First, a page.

This year, our featured booth presentation focused on us, the Riverside employees, and how we are fundamental to the success of our company. Our stellar reputation, honestly earned by all our hard work and dedication to our customer’s needs, remains a great ambassador for us. In fact, we are always encouraged when young scientists and engineers seek us out to drop off a copy of their resume and this year was no exception.
We look forward to doing it all again in Phoenix in 2019 – we hope to see you there!
Vern grew up in rural Washington state near a fishing town, in a house on a beach, overlooking part of Puget Sound and the Olympic Mountains. He graduated from the same high school as his father and grandfather. Vern then graduated from Western Washington University and promptly moved to southern California, where he met his wife and lived for ten years before moving to Loveland in 1994. The youngest of his three kids is the only Colorado native in the family. Riverside is the first non-manufacturing job Vern has held. As the CFO, he is responsible for financial reporting, financial planning, banking relationships, risk management and everything else financial. Vern received his CMA (certified management accountant) certification 10 years ago and is now working on a follow-on CSCA (certified in strategy and competitive analysis) certification. He will sit for the exam in March.
Vern and his family enjoy vacationing in Mexico, usually Playa del Carmen & Puerto Vallarta, and quick trips to Las Vegas in the winter to catch a little warmth.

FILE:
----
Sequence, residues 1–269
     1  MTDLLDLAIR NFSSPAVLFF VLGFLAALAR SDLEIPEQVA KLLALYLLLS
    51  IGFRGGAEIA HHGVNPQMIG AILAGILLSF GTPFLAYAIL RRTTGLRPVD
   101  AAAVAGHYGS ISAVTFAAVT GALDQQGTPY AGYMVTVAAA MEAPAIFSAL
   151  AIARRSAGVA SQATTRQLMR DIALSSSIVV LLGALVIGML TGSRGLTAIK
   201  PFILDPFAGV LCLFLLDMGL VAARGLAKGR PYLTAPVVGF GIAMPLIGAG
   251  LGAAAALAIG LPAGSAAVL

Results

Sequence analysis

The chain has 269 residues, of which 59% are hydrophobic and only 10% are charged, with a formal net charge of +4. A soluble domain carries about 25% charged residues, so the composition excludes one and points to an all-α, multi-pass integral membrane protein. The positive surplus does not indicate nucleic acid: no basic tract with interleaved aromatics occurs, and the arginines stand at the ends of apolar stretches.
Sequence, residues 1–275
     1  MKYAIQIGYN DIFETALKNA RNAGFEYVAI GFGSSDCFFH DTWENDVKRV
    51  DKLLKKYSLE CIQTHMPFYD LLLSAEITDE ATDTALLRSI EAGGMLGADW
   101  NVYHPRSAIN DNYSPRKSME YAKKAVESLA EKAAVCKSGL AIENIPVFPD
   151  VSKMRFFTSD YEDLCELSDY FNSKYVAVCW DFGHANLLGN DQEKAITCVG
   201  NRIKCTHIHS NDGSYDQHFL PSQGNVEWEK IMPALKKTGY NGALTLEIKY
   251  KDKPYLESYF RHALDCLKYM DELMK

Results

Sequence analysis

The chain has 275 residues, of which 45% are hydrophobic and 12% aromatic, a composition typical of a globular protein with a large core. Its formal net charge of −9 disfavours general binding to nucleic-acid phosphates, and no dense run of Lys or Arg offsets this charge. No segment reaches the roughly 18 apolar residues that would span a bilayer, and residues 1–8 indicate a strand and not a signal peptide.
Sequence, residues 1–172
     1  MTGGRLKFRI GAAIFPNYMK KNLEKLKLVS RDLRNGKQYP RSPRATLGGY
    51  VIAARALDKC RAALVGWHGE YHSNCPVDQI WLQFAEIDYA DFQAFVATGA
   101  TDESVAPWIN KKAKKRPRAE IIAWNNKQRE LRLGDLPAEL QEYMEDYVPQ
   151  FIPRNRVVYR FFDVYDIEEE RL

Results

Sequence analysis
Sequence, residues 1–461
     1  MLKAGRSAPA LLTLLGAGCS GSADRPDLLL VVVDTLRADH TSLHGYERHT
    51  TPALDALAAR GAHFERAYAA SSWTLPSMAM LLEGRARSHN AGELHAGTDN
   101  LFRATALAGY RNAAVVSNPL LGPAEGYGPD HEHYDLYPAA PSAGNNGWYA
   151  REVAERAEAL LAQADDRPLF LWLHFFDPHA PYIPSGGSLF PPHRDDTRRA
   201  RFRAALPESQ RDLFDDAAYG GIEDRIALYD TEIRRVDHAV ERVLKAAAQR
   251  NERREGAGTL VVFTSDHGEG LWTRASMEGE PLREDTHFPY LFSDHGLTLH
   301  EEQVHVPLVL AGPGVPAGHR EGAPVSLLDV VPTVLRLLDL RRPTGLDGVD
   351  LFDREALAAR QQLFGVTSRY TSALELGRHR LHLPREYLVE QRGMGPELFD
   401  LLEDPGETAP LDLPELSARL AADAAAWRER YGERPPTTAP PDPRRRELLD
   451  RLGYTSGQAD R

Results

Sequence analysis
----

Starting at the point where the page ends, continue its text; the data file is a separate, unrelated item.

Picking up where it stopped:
1. What three traits describe you?
b.) Patient, able to defer gratification
c.) Numbers oriented (I have a spreadsheet for everything)
2. What are you most excited or passionate about in your career?
Making a business succeed through strategy and planning.
3. What’s the weirdest job you’ve ever had?
Right out of college, I took a job at a tax-preparer shop in Oxnard, CA. On the first day, I realized the owner was running a scam to get as many customers through the shop by getting them unreal (and fraudulent) refunds. I guess he had been doing this for a couple of years. He developed a blue-collar (oil rigs) clientele. The word had spread of the near 100% refunds and the lines were out the door. I quit at the end of the day. All the clients got audited and the owner went to jail a year later.
4. What would you do (for a career) if you weren’t doing this?
I probably be building a real estate investment business by flipping houses.
5. Who lives in your house (people, pets, etc.)?
My wife, Laura and her five cats (not mine!). My son, Kevin is still living with us and saving money to buy a house.
6. Tell us something that might surprise us about you.
While I was in college, I fished commercially in Alaska on a salmon seine boat.
7. What was your favorite subject in school and why?
Economics. It just made the world make sense to me.
8. What kind of music do you listen to?
I can listen to most classic rock and country music. I really like big band music as well.
9. You can only eat the same three foods for the rest of your life. What are they?
Qdoba burritos, grilled elk steaks and apple pie.
10. Tell us about your most unique travel experience.
Piloting my brother’s 38 ft. dive boat from Washington to Ketchikan, Alaska.
11. Name a food item you wouldn’t touch with a 10-foot pole.
Lutefisk. I grew up in a town with great Scandinavian heritage.
12. What movie could you watch over and over? Why?
The Perfect Storm. I can relate to it pretty well with my fishing experience.